SWEDEN now has just 13 coronavirus patients in intensive care and an average of one death per day.
The news comes despite the country’s controversial decision not to introduce a lockdown at the start of the pandemic.
⚠️ Read our coronavirus live blog for the latest news & updates
Sweden opted to stick with the “herd immunity” strategy first pursued by Downing Street and allow the virus to partially spread through its population.
The approach initially saw its infection rate rise far above that in countries where lockdowns were imposed, but authorities argued it would be easier to maintain in the long-term.
In place of a lockdown, Swedes have been encouraged to follow social distancing and hygiene guidelines, with bars, restaurants and shops allowed to remain open throughout.
The country is now seeing just a few hundred cases diagnosed per day, while others are seeing infection rates begin to rise as lockdowns are lifted.
The rate of people in intensive care in Sweden now works out at just 1.3 people per million population.
The country’s overall death toll of 5,843 does give it the sixth-highest per capita death rate in Europe, with only Belgium, Andorra, Spain, the UK, and Italy faring worse.
But it has seen an average of only one death per day over the last ten days and a total of only 79 deaths since the start of August.
Speaking at a press conference last week, state epidemiologist Anders Tegnell said: “Sweden has gone from being one of the countries with the most infection in Europe, to one of those with the least infection in Europe.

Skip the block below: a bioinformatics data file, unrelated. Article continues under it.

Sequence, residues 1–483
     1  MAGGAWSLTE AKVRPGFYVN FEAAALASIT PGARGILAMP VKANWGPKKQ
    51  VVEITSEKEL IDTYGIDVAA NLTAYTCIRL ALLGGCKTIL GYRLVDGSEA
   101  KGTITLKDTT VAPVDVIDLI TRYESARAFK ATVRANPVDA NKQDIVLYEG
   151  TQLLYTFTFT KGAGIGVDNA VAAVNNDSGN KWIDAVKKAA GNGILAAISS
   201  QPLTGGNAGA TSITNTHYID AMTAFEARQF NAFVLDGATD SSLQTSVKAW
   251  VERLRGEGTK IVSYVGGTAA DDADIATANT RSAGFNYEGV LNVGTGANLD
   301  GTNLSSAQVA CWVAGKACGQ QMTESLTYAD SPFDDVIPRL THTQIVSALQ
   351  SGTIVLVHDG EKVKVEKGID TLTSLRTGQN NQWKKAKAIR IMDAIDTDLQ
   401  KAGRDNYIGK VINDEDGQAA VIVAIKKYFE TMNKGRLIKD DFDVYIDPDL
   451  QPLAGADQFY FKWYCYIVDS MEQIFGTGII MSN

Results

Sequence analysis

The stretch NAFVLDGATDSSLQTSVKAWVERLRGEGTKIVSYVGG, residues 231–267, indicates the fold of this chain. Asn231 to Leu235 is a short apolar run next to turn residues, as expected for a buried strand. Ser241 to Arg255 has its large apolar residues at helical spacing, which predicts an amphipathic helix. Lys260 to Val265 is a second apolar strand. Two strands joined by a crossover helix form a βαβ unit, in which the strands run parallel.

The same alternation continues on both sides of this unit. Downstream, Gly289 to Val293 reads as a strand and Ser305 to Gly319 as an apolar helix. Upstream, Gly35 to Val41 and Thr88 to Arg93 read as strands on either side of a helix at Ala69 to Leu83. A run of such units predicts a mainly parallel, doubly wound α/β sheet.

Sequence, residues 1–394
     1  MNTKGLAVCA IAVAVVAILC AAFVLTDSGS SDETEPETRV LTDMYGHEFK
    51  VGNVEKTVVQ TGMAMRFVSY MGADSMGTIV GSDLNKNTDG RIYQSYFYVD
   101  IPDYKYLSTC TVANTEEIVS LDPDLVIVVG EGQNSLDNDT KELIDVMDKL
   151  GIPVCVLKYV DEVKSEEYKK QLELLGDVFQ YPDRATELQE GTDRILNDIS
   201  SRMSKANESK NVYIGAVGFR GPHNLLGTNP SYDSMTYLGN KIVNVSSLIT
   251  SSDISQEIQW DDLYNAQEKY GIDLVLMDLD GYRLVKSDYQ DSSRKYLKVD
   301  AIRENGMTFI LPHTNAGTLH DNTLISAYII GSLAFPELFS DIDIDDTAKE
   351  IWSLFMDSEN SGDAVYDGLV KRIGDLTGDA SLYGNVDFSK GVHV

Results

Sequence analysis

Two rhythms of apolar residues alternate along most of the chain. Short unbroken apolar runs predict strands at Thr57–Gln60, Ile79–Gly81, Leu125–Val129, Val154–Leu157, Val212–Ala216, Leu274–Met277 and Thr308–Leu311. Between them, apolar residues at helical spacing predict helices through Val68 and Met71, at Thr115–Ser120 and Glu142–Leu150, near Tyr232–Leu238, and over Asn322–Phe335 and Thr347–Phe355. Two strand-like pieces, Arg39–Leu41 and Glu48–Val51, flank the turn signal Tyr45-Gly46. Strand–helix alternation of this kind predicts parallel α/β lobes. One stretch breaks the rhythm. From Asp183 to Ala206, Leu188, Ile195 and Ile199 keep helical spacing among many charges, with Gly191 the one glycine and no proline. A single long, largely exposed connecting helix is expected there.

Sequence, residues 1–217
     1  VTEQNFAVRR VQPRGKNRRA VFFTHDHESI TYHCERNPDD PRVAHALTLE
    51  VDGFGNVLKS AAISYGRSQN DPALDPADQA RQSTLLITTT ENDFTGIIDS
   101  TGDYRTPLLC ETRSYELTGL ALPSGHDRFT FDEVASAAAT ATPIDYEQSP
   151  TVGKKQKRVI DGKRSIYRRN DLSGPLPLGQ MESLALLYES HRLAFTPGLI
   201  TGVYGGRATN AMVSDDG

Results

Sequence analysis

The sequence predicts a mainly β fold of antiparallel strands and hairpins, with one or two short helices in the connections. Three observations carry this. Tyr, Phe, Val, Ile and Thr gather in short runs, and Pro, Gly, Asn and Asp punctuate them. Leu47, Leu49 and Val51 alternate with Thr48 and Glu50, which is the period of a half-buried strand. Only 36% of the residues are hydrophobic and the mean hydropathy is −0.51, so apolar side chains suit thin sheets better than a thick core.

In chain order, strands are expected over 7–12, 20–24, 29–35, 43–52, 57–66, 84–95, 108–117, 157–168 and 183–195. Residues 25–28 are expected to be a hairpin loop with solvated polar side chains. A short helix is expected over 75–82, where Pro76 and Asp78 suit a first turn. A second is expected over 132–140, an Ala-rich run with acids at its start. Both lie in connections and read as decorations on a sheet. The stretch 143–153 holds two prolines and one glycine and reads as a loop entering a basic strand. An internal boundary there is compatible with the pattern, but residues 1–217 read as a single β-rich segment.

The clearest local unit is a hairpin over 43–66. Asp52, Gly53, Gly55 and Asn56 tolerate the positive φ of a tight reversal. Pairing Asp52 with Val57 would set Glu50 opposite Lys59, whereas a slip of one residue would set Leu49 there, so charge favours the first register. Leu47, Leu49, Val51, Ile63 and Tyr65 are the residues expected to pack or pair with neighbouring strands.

“Many other countries have seen a rather dramatic increase.
“What we see now is that the sustainable policy might be slower in getting results, but it will get results eventually.
“And then we also hope that the result will be more stable.”
Elsewhere in Europe, daily case counts have risen as restrictions on movement have been lifted.
In the UK, around 2,000 people are currently being diagnosed per day, just under half the level during the peak in April, though more people are being tested.
Last Friday saw France record 8,975 cases, exceeding its previous one-day record count of 7,578, set on March 31.
Spain similarly saw cases rise again during August, registering 9,052 positive tests on August 21.
Sweden yesterday saw 204 people test positive, far below its June 24 peak of 1,698.
The BBC did report last month, however, that studies suggest similar levels of antibodies – which help provide immunity to a virus – in the populations of Sweden and the UK.